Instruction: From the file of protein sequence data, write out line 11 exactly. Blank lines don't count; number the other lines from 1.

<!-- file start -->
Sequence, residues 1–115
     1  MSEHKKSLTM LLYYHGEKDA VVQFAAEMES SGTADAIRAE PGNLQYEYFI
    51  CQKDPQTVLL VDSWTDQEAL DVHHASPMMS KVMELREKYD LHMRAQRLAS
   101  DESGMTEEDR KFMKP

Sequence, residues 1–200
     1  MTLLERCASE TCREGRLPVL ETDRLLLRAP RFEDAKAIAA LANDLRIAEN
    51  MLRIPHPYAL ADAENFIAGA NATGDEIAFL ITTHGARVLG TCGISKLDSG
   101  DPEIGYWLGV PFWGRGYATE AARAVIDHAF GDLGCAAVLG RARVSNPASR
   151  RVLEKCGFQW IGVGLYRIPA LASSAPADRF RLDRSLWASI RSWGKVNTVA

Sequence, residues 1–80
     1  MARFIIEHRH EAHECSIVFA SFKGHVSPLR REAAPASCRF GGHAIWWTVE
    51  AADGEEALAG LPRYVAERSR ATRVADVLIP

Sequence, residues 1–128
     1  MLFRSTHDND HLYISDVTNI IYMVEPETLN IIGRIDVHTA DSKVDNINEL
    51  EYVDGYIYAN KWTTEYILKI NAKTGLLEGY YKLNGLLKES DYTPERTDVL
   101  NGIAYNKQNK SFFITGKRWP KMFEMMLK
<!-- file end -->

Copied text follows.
     1  MARFIIEHRH EAHECSIVFA SFKGHVSPLR REAAPASCRF GGHAIWWTVE